Hurricane Sandy: And That’s When the Lights Went Out…

Let me start by saying that my heart goes out to everyone whose lives have been damaged by Sandy. I feel extremely lucky to not have been affected beyond a few minor inconveniences, and thankful to work with some amazing people working very hard to keep our CBS Radio stations live.

Here’s how my week has been going:

Sunday: Bossman emails suggesting I get a car service to work on Monday and book a hotel. I’m no fan of car services. They can be unreliable, their rates are crazy, and even though the company will reimburse for emergency situations, I want to keep costs low. I figure I’ll get a cab, wait on the hotel booking, and see if there’s any chance of getting home to Brooklyn when I get off the air at 8PM.

Monday: I pack my GO BAG with two changes of clothes, my enormous flashlight, a few protein snack bars, toothbrush, a LOT of beer, and some other stuff. I get a cab outside my place in Brooklyn within seven minutes despite the fact that the weather is getting crazy. I get to work two hours early.

I get on the air as usual at 3PM. We are giving updates from 1010 WINS every hour, advising people to stay indoors and safe, while continuing the music and prizes. I can’t remember the exact time Bloomberg announces that the bridges would be closing at 7, but obviously I then scramble to book a hotel. The two hotels down the block from the station are fully booked. No problem, I’ll stay at the Sheraton on Canal St. And look, it’s half the price! But, it’s a ten minute walk. Will I die during this ten minute walk? Will Hudson Street be just like the Hudson River by 8PM? I don’t know.

8PM I get off the air. As soon as I step out of the building, I see downed trees and winds are crazy. Uh, yeah. I’m not going to walk even ONE block. Within two minutes, I see a cab. I flag him down and I’m at the hotel in like five minutes. The lobby is packed full of people in long lines waiting for food, getting drinks at the bar, using computers. All I want to do is get to my room, drink beer, and eat Chinese food. Luckily, I had picked up enough for lunch and dinner before work.

I check in, and somehow I’m a “preferred guest.” Don’t ask me how. The lady tells me I’m getting a complimentary upgrade to a 19th floor room with an Empire State Building view. Awesome!

[Photos] Hurricane Sandy As Seen By Dylan

I get to the room, turn on CBS2HD to monitor the situation, crack a beer, and do the hotel room bedbug check. All good. I’m relaxed, taking photos of the view and facebooking with friends.

I’m not quite sure how long it was before I saw the explosion from the window. It looked like an alien invasion. I thought “that’s definitely not lightning.” Someone captured it on video from Williamsburg Brooklyn, you can watch the video HERE.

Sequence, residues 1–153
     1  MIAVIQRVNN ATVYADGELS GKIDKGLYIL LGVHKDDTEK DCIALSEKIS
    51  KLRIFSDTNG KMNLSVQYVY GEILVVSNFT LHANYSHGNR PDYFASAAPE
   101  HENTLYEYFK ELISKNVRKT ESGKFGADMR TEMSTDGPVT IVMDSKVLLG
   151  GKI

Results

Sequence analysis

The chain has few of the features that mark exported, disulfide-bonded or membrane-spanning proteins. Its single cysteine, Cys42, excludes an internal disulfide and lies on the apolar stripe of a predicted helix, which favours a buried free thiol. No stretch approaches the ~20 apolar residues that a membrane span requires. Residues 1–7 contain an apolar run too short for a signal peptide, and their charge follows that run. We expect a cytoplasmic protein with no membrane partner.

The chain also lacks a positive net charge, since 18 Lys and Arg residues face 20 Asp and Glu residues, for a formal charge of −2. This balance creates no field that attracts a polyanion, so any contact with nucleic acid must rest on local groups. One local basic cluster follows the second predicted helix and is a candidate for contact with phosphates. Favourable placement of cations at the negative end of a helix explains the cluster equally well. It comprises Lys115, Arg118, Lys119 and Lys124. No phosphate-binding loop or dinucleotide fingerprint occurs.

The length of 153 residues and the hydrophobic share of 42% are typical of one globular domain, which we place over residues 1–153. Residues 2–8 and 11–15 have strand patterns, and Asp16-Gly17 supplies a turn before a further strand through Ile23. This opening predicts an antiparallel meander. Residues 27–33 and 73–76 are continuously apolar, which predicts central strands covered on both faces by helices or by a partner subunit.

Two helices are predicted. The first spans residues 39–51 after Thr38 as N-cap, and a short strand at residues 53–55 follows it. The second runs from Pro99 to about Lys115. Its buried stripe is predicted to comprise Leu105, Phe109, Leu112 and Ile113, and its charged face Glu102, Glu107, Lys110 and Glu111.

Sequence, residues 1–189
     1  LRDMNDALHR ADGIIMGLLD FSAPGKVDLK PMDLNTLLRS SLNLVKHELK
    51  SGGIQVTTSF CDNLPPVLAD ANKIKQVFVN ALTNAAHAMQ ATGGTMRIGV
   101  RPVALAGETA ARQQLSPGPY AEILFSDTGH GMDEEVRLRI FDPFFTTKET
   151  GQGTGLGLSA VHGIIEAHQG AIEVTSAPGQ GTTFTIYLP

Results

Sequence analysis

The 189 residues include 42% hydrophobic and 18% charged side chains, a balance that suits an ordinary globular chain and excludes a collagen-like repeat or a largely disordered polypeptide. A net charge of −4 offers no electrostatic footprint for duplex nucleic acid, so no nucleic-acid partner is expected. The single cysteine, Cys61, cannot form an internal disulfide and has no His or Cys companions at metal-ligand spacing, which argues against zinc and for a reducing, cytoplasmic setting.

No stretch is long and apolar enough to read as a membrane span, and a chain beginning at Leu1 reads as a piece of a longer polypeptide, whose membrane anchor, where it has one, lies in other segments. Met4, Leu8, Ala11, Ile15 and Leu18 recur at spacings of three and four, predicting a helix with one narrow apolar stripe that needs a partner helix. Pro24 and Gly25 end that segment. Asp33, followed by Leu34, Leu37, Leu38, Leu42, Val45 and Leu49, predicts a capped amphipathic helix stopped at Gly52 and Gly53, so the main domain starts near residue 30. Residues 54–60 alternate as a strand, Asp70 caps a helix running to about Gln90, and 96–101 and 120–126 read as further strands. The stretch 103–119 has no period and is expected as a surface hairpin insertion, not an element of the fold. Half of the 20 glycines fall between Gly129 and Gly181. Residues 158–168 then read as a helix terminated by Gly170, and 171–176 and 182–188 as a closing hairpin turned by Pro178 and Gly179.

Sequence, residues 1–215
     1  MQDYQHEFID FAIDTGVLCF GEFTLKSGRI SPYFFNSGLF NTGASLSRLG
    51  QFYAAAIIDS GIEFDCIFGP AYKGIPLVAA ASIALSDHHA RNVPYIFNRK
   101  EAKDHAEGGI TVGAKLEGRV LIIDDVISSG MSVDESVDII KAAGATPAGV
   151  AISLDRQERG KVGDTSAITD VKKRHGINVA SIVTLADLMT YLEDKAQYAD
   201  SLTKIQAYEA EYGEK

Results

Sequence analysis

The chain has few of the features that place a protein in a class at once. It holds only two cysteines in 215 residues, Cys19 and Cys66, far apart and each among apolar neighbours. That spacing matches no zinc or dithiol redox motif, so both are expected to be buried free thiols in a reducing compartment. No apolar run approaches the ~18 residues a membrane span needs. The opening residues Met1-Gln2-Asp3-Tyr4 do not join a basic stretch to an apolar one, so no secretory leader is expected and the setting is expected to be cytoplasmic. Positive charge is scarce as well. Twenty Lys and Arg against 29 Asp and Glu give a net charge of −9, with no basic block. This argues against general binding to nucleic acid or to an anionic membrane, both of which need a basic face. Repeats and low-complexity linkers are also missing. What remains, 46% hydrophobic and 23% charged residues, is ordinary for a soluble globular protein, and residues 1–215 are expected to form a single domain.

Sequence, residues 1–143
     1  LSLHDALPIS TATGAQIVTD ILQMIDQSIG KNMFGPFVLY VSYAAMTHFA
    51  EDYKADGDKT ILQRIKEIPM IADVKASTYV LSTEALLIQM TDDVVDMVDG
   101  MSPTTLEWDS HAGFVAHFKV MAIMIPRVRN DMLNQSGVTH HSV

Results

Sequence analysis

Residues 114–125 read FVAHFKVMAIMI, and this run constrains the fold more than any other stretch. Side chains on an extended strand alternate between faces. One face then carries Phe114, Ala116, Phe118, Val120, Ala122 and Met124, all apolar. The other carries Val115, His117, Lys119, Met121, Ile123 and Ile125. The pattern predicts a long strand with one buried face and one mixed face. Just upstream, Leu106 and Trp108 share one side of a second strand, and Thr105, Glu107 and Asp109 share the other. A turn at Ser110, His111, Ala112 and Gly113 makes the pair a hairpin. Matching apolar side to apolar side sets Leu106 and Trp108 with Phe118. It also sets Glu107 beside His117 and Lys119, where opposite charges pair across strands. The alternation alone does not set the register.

Boom. Lights go out. I’m all “oh, s@*#!” I look out the window and see it’s the whole neighborhood. The Empire State Building and Midtown is still all lit up. I grab my flashlight and keep drinking. My phone surprisingly worked for a good amount of time, so I was able to keep up with friends and what their situations were. The cell towers probably had backup power for a few hours, because the next morning you could NOT get a call out in Lower Manhattan.

Tuesday: Obviously there’s still no power or water. The hotel had generator power keeping the lobby, hallways, and elevators running, but nothing in the rooms. Might as well check out and go to work.

I walk the ten minutes to work, observing some damage, still unaware of what was going on in Jersey and Long Island. I touch a payphone! When was the last time that happened? Yes, they are working. I get to the building, pleased to see that they had one elevator running. Our amazing chief engineer Rob Bertrand had made a pancake breakfast for everyone. We’re still giving hourly updates from the 1010 WINS newsroom. Jessica Ettinger is awesome.

When I get off the air at 8, I’m disappointed to encounter some corrupt cabbies. I had to tell four of them to go screw. Flat fare this, meter broken that, cash only….only true scum of the earth tries to take advantage of emergency situations. The fifth cab is legit, and I tip 30%. Trolls never win with me.

On Wednesday and Thursday I walk to work from my place in Greenpoint. It’s a pleasant hour and twenty minute walk, but obviously I’m joined by many others on the Williamsburg Bridge, what with the subway tunnels under the East River still out of commission.

Lower Manhattan is basically a ghost town. On my way to work on Thursday, I take a few photos of how eerie things are. Most businesses are closed. A few bars and restaurants are operating with candlelight, a limited menu, grills and generators. Many of the residents are likely staying with friends who have power, because the streets are EMPTY. I saw a bicyclist hit by a car. I would NOT attempt to ride a bicycle in Lower Manhattan while the traffic lights are down. I would never ride a bicycle ANYWHERE without a helmet. Always wear a helmet! It’s your HEAD!

New York City, really the entire tri-state area, is resilient. We’re tough. We have been through worse. We will get through this.

A big THANK YOU to everyone working hard to restore services, and best of luck to you and your family if you’re going through hard times during this mess.

Dylan, Fresh 102.7

More Sandy Photos:

More Sandy Content:



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